Titipounamu/Rifleman have a new home at Sanctuary Mountain Maungatautari thanks to help from another Waipā mountain – Mt Pirongia.
Pest control since 2006 by Pirongia Te Aroaro o Kahu Restoration Society has seen the population of this smallest of native birds at Pirongia maunga increase substantially.
Last week teams of volunteers from both maunga were assisting ecologists Dave Bryden and Amanda Rogers with the catching 40 Titipounamu to begin the process of re-establishing them at Maungatautari, which contains 3240ha of native forest, protected by a 47km long pest-proof fence.
Sanctuary Mountain Maungatautari species co-ordinator Janelle Ward gave some background to the project.
"Titipounamu were previously on Maungatautari but disappeared from much of the Waikato, largely due to mammalian predators such as rats," she said.
"They were identified in our restoration plan as a key species to be returned to the maunga, with Pirongia and Pureora being the most suitable source sites."
A total of 80 birds will be re-introduced to Maungatautari over the next few weeks, and then their progress monitored.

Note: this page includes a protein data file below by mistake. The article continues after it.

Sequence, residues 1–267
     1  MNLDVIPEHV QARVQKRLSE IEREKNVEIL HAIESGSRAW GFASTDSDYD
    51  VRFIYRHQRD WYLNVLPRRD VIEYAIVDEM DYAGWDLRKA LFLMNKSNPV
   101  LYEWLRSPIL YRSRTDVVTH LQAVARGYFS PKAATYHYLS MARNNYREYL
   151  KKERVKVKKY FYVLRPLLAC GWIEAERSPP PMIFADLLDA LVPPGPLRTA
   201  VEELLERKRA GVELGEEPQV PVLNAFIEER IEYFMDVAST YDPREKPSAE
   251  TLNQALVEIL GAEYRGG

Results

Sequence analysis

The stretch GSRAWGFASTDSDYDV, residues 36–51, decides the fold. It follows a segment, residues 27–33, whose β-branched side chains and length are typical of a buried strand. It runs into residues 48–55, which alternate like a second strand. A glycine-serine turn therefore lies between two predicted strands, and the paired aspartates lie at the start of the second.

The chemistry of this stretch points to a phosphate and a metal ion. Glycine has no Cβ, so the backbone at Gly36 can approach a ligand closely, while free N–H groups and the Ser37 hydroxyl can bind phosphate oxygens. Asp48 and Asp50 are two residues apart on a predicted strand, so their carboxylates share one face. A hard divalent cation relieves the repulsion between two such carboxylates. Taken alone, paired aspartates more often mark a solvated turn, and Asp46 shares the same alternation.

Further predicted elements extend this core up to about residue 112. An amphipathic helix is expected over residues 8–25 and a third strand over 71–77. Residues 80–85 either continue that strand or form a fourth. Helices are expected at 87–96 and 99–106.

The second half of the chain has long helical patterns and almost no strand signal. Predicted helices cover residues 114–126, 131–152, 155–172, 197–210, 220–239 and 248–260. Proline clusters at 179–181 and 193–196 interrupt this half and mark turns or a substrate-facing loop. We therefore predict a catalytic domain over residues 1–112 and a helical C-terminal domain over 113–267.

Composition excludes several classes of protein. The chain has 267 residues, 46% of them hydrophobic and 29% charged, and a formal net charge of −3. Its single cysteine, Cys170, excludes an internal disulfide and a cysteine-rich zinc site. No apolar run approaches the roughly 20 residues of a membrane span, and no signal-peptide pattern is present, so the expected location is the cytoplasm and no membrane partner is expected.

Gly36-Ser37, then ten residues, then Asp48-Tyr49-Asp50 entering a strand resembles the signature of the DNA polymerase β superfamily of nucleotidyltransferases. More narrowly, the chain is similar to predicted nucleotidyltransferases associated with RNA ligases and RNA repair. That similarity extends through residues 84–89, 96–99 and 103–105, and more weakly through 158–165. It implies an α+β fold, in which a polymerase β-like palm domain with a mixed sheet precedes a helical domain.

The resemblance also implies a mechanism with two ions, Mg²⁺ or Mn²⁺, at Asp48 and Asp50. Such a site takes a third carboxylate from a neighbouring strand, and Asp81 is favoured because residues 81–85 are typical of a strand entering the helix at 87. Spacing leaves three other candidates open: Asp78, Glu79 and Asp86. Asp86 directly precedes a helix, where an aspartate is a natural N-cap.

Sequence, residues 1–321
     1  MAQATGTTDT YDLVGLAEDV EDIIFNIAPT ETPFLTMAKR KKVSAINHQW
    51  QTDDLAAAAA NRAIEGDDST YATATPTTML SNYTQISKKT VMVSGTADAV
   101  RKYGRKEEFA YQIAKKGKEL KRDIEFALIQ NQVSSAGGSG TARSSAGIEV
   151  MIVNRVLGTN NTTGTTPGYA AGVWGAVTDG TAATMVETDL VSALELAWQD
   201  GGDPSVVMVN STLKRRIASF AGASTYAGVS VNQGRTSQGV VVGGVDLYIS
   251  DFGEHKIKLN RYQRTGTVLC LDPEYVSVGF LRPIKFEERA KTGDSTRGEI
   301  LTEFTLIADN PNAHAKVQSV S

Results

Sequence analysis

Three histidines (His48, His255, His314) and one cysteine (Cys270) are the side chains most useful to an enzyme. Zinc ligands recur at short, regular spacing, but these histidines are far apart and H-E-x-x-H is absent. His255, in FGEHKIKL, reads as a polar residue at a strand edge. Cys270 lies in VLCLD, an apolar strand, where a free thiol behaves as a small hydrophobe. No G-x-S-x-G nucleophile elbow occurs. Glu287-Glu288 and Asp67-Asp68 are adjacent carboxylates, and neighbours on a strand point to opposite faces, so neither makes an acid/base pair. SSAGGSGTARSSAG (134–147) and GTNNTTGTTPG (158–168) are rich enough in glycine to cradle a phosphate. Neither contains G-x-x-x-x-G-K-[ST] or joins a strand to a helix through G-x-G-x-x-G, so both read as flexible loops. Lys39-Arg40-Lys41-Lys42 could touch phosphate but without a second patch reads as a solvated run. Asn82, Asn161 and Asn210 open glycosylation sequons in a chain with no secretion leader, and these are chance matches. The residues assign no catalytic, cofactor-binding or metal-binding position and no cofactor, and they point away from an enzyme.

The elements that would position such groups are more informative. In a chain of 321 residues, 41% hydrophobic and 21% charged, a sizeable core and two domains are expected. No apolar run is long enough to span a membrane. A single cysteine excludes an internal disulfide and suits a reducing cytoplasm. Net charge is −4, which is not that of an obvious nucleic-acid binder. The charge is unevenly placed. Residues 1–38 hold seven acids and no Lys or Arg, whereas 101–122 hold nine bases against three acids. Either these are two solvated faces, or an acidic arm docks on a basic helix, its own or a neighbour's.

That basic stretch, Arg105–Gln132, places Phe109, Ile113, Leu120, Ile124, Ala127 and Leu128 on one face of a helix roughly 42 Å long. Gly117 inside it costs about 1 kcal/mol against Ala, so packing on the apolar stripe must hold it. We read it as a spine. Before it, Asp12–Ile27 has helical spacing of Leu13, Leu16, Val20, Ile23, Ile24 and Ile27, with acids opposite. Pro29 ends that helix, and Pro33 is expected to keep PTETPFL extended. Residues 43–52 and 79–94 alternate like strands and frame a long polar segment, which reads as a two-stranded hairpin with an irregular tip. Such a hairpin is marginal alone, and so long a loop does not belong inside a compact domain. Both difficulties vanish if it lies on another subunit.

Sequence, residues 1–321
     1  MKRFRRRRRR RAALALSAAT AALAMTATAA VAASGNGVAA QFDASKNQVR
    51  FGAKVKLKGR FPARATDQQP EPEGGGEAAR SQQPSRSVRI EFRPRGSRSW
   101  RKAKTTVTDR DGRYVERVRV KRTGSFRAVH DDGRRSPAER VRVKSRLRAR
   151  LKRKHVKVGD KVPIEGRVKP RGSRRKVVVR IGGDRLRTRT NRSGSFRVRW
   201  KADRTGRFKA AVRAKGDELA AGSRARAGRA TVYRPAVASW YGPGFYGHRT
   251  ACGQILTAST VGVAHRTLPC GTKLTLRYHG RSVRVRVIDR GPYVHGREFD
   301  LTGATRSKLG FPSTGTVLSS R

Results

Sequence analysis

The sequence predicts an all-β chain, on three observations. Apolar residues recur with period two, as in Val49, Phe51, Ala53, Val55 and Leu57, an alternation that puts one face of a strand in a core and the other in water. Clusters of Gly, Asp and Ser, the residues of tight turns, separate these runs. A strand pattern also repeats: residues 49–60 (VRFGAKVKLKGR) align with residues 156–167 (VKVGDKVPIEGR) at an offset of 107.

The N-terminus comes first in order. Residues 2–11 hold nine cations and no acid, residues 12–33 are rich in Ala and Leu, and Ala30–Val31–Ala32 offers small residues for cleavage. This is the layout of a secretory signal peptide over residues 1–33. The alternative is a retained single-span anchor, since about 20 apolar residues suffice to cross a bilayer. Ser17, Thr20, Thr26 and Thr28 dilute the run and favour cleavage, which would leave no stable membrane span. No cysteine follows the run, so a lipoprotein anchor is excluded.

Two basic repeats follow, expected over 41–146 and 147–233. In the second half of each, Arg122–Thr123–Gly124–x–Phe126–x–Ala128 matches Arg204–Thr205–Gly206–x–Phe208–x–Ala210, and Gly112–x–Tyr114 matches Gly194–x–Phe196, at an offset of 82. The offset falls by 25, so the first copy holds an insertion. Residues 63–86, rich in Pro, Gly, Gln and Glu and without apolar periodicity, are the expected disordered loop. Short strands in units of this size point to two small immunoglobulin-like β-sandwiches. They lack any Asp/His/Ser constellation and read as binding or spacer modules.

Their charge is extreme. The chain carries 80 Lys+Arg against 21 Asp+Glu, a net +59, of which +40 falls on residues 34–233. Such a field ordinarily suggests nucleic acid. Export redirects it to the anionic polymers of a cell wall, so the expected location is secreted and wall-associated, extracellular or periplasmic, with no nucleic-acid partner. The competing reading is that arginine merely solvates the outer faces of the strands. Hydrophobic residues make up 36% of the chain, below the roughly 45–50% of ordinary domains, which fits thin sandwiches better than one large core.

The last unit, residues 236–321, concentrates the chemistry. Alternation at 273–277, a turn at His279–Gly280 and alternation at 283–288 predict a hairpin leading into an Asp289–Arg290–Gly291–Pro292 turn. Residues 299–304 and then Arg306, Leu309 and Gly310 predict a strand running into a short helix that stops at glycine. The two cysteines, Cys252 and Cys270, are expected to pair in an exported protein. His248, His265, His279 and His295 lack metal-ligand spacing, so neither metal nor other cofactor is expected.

"We are thrilled to be working with Pirongia Restoration Society on the first stage of this important reintroduction," said Janelle.
The catching process began with a karakia from Ngati Apakura and then teams set up mist nets at five sites on Pirongia maunga and used recorded Titipounamu song to entice the birds into the nets.
Catch team leaders from Tiritiri Matangi and the Hihi Conservation Trust led this work and their experience was invaluable.
A group of Te Pahū School students were able to shadow the teams to see the whole process and saw first-hand the care taken with the birds.
Clare St Pierre, the chairwoman of Pirongia Te Aroaro o Kahu Restoration Society, had the privilege of releasing one of the first Titipounamu at Maungatautari.
"This is the first species sourced from Pirongia to benefit another site. We're incredibly proud that our mahi is delivering benefits across multiple species and that our neighbouring maunga is the recipient," she said.
"When we first began annual pest control, titipounamu were in very small numbers, in just a few pockets.
"A survey to confirm numbers here in 2019 showed they were plentiful across the mid-altitude range of our 1030ha pest control grid, so we are absolutely stoked we can be a donor site to get them re-established at a new site."
Further captures and transfers will take place this week, with the intention to transfer 40 more birds from Pureora.
This will complete the translocation and the next step will be to survey in the next six months to find the locations of titipounamu and evidence of breeding success.
"We are delighted to welcome one of New Zealand's tiniest birds to the maunga and look forward to hearing their sweet song included in the native bird chorus at Maungatautari," said Janelle.